The large-scale production of oil and gas has the potential to stabilise South Africa’s economy, relieving unemployment and poverty challenges while driving growth across industries, but government must provide policy certainty and an assertion of future contract stability, says South African Oil and Gas Alliance CEO Niall Kramer.
“South Africa currently uses less than 3% gas in its total energy mix and the rationale for growing this towards global levels of 20% has been widely discussed, taking into account costs, benefits and environmental impact. However, government must provide clear guiding policies for enabling this and the longer it takes for these to come to light, the more we delay the fiscal and social benefits a gas economy can achieve.”
He explains that the Integrated Energy Plan, the Integrated Resources Plan and the Mineral and Petroleum Resources Development Act are paramount in driving investment in the oil and gas sector. However, they must be considered alongside an overwhelming plethora of other related policies and regulations on factors such as energy use, ports, currency and exchange, public finance, procurement, broad-based black economic empowerment and environmental considerations. “To ensure investor confidence in a competitive global market, we need policy, legislation and regulations that are procedurally and substantively sound and harmonised.”
Kramer notes that South Africa is an underexplored frontier market and does not yet have large-scale proven oil and gas resources or reserves. The country is, nonetheless, neighboured by proven major oil producers on the West Coast – including Angola, the Democratic Republic of Congo, Cameroon and Nigeria – as well as some of the world’s largest recent gas finds on the East Coast – in Mozambique and Tanzania, for example. He expects that, as the price of oil improves and explorers and producers need to replace barrels, South Africa will become increasingly attractive.
“Although, if South Africa is to attract explorers and find a ‘bonsella’ resource as other countries, such as Norway or Venezuela, have done, we urgently need to have good and disciplined policy in place.”
While large-scale international explorers are often familiar with having to work in politically unstable environments, Kramer stresses that they do have global options for their investments. He warns that South Africa must take cognisance of this, as the scale of exploration investment – let alone that associated with subsequent production – could be the key to driving meaningful economic growth in the country.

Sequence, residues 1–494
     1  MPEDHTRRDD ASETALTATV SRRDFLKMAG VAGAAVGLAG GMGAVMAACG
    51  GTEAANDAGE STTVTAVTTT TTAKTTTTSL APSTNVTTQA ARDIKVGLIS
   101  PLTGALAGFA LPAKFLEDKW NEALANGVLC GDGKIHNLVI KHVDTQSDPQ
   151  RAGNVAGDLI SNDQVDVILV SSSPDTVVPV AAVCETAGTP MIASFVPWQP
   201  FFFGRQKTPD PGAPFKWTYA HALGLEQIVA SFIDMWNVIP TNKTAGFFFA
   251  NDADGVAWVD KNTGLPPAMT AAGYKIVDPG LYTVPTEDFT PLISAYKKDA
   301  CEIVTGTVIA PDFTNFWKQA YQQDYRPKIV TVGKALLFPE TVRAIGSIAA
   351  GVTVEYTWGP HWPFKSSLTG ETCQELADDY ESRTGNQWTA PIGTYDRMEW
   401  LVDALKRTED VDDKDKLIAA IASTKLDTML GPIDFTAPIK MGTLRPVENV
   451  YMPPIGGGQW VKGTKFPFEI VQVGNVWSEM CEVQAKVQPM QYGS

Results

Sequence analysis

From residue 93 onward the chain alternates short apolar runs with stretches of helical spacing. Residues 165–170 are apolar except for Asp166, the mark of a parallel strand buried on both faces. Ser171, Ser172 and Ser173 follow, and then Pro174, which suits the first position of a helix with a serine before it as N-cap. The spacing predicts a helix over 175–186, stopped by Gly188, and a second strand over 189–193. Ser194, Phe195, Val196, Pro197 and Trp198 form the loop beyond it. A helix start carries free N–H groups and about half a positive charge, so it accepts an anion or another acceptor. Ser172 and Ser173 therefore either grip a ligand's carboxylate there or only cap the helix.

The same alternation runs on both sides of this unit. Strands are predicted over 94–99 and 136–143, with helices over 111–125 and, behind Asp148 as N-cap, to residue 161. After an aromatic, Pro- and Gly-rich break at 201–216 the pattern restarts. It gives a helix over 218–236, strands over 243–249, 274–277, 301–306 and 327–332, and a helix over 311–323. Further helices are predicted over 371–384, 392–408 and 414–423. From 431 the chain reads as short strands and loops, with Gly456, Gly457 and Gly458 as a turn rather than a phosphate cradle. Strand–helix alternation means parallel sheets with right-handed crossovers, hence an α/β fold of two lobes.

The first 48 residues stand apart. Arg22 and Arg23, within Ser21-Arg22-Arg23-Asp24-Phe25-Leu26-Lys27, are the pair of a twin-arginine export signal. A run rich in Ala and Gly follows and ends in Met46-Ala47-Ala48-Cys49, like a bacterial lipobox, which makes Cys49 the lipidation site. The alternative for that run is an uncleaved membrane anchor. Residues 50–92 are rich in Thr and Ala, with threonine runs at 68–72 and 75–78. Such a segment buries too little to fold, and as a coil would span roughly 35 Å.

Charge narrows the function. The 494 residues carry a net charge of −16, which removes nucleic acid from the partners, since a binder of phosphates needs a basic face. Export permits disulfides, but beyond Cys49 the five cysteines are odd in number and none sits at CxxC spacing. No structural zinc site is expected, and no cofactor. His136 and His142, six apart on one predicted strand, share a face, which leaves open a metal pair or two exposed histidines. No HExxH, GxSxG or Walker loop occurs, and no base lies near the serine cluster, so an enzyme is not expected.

“There is a growing consumer population in Africa and, with a rising standard of living and a growing demand for power, transportation and industrial processes, there is a large and ready market for refined energy products. However, this potential for oil and gas on the continent is all worth nil without concrete, funded projects.”
In addition to ensuring policy stability, Kramer highlights that South Africa must ensure that its human capital is prepared to support a gas economy. Under government’s Operation Phakisa, known skills in the local oil and gas sector have been mapped, providing guidelines on training graduates, artisans and technicians. Yet, with the education system facing significant challenges in the areas of science, technology, engineering and mathematics, it is likely that it will need to import skills from other countries to train the local workforce. “We should also consider sending South Africans to train abroad so that they can gain a strong understanding of the global – rather than provincial or regional – industry and adopt the strong emphasis other countries place on quality and safety.”
Paradoxically, Kramer predicts that another challenge South Africa is likely to face is the conflict between the country’s desire to create jobs and the reality that high-end technical jobs in oil and gas will be carried out by robots, drones and computing power. The country will, thus, need to accept that large-scale job growth will be in the downstream economy off the back of secure energy, he highlights.
Kramer stresses that South Africa must prioritise the import of liquefied natural gas (LNG), which is delivered by ship and can be regassed on floating facilities before being fed to power generation systems. In this way, LNG can be used to establish a gas market, while indigenous reserves are explored onshore and offshore.
“If gas is then found in South Africa and it is economically viable, these resources could then become an indigenous strategic supply, feeding an established gas economy. The immediate use of imported LNG in power would be for peaking – replacing costly diesel – and, over time, gas could be shifted for use in baseload power supply to complement renewables.”
Once established, South Africa could further act as a marine service hub for oilfields in sub-Saharan Africa. Kramer points out that the country is about 20 to 30 sailing days closer than the nearest large-scale alternatives, with relatively good ports infrastructure and strong inland transport networks.
“Moreover, we have good communications networks and established supply chains, enabling us to offer storage and logistics, development finance, repair and maintenance for ships and drilling rigs, bunkering, supply support and medical services. We are an attractive location for these reasons and must capitalise on this in every way we can,” Kramer concludes.